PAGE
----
Talking to Your Health Care Provider About Being LGBTQ+

Duke Health is committed to meeting the needs of all our patients. Information about sexual orientation and gender identity help us in this goal. Your information can be collected in your My Duke Health (previously Duke MyChart), clinic registration forms, and may be asked during visits. It allows our providers to give you the best care possible. Here’s why talking to your provider about your sexual orientation and gender identity is important, followed by frequently asked questions about why we seek this information and how it may be used. If you have additional questions, we encourage you to speak with your provider.

Coming Out to Your Provider

Coming out to your health care provider is an important part of your health and well-being. Many people are not aware that lesbian, gay, bisexual, and transgender (LGBTQ+) people face unique health risks related to the increased discrimination they often face. These risks include higher rates of smoking, problems with mental health, and sexually transmitted infections. If you talk to your provider about being LGBTQ+, your provider can:

  • Pay closer attention to health issues that affect LGBTQ+ people.
  • Learn to use the terms, names, pronouns, and other words you prefer.
  • Refer you to other providers and specialists who are welcoming to LGBTQ+ people.
  • Better involve you in decisions about your health.
  • Help connect you with support for you or your family, especially if you are having problems.
FAQs About Sharing Personal Information

Learn about why we ask about your personal information and how it can help us provide the best care possible.

Behavioral Health for LGBTQ+ Patients

LGBTQ+ people often experience prejudice, stereotyping, and harassment or bullying
by others. This kind of discrimination can be very stressful, which can put you at risk for depression, anxiety, substance abuse, feelings of loneliness, and even suicide. Being open about your sexual orientation, sexual behavior, and gender identity can help you access the care you need most, including:

  • Care that is personalized and most relevant to you. 
  • Referrals to specialists, like behavioral health providers and other wellness providers.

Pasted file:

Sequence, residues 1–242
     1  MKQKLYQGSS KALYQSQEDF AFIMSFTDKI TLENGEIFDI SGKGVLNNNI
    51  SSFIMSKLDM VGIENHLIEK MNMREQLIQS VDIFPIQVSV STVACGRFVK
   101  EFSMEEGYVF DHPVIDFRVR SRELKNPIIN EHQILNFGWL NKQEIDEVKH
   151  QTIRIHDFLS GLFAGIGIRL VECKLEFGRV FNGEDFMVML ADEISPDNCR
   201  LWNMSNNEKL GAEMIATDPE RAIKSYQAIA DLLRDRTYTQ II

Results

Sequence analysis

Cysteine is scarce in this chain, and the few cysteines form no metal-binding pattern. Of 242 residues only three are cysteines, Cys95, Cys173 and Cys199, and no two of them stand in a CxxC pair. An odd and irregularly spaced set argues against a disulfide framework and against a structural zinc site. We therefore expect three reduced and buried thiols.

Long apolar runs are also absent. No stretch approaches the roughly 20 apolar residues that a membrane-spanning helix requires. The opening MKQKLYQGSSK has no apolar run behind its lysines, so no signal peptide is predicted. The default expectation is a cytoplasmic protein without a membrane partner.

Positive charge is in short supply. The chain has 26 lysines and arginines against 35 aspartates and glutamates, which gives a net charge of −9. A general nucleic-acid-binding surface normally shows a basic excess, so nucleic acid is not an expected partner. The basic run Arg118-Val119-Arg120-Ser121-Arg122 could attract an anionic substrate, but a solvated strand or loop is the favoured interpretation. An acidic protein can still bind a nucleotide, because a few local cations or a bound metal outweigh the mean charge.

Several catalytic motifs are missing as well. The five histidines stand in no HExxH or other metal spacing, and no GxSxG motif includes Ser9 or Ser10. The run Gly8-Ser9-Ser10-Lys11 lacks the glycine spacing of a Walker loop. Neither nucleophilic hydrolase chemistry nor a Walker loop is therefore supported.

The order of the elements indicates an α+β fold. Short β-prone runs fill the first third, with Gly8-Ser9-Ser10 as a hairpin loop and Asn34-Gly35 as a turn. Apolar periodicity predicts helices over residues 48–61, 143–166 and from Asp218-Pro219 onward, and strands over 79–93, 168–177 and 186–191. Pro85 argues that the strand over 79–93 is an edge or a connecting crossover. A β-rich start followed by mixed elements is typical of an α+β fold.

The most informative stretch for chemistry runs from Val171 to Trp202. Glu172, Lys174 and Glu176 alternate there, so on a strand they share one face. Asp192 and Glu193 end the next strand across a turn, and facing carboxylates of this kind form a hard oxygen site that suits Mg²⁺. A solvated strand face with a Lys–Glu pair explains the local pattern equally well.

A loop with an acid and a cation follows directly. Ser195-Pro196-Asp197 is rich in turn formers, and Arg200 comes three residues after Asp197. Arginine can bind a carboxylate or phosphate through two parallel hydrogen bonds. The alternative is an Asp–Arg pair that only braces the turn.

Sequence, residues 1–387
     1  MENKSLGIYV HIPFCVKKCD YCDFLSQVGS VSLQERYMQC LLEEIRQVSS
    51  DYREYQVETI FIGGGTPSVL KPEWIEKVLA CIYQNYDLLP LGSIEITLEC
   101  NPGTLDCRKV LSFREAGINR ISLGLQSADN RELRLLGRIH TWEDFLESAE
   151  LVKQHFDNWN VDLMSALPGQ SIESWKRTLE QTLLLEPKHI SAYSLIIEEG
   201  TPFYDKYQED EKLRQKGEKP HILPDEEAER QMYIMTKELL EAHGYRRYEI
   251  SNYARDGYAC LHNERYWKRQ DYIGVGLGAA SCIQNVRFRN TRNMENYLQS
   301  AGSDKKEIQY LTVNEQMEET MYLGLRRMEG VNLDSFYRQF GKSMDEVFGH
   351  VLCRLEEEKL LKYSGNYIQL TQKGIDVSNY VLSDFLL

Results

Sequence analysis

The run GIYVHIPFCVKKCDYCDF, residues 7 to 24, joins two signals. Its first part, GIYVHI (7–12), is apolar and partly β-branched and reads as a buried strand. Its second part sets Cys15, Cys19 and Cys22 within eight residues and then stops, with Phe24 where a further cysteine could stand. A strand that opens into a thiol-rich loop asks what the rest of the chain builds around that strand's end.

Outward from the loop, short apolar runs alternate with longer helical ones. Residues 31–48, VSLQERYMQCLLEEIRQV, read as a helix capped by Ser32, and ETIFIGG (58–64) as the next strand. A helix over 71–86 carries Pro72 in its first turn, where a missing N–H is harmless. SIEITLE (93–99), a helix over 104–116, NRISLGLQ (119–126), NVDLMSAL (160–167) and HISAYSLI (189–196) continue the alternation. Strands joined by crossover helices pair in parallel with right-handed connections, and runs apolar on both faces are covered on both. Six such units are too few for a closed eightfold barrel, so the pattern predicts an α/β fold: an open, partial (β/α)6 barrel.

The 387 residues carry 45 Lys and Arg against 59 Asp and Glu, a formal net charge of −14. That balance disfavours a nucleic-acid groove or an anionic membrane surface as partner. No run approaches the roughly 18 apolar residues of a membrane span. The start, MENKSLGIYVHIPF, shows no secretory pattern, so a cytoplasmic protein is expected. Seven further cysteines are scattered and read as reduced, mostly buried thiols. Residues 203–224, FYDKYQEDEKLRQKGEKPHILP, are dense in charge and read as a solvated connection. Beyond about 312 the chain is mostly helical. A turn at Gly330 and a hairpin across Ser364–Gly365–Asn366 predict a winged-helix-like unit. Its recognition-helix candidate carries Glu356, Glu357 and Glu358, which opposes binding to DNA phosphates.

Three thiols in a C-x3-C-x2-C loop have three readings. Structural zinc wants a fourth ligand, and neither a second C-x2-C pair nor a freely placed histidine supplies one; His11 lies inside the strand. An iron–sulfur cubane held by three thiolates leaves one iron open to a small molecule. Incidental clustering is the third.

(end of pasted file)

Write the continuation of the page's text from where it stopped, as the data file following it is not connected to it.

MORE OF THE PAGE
• Additional understanding toward current health trends that affect LGBTQ+ people and how Duke can help. 
  • We support everyone in ways that can help people talk to providers about family life issues, such as partner abuse (feeling safe at home).

Sexual and Reproductive Health

Talking to your provider about your sexual health isn’t easy. However, there are many benefits to discussing your sexual function and behaviors with a provider. Each person’s needs will differ, but some of the sexual health issues that may be important to discuss are:

  • Screening for sexually transmitted infections and HIV.
  • Understanding pre-exposure prophylaxis (PrEP) to minimize risk of HIV transmission, and post-exposure prophylaxis (PEP), in the case of recent HIV exposure.
  • Getting vaccinated for HPV and hepatitis A and B.
  • Safer sex education and counseling including use of condoms, other barrier methods, or problems with sexual function or satisfaction.
  • LGBTQ+ fertility options to adopt or conceive children.

Lesbians, bisexual women, and some transgender people should also make sure they are getting are getting routine health screenings based on their anatomy including Pap smears, prostate exams, and mammograms.

Find a Provider

Providers across Duke Health's network of hospitals and clinics can self-identify as a member of the LGBTQ+ community or an ally. Meet our providers, view their profiles, and select one that's right for your needs.